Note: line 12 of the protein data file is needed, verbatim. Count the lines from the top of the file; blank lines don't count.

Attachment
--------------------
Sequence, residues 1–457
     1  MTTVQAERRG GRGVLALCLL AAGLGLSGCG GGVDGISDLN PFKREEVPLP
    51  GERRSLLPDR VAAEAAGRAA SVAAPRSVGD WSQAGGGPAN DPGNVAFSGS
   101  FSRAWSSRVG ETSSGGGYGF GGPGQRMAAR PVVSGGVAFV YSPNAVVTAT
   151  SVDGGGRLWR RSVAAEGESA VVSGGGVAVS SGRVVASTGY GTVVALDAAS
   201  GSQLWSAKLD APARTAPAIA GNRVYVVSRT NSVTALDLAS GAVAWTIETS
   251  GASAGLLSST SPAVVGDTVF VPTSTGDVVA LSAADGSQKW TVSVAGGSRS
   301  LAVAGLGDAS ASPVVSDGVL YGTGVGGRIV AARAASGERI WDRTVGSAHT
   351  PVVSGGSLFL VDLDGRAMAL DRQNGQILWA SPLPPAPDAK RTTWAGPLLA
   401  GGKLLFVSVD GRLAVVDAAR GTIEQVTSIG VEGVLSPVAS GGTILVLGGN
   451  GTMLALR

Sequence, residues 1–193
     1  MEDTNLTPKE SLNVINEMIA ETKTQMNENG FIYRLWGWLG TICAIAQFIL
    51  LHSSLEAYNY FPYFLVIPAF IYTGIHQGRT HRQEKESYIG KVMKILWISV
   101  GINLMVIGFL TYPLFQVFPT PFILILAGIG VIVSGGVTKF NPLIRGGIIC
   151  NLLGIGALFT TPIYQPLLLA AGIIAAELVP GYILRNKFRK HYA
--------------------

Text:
Sequence, residues 1–193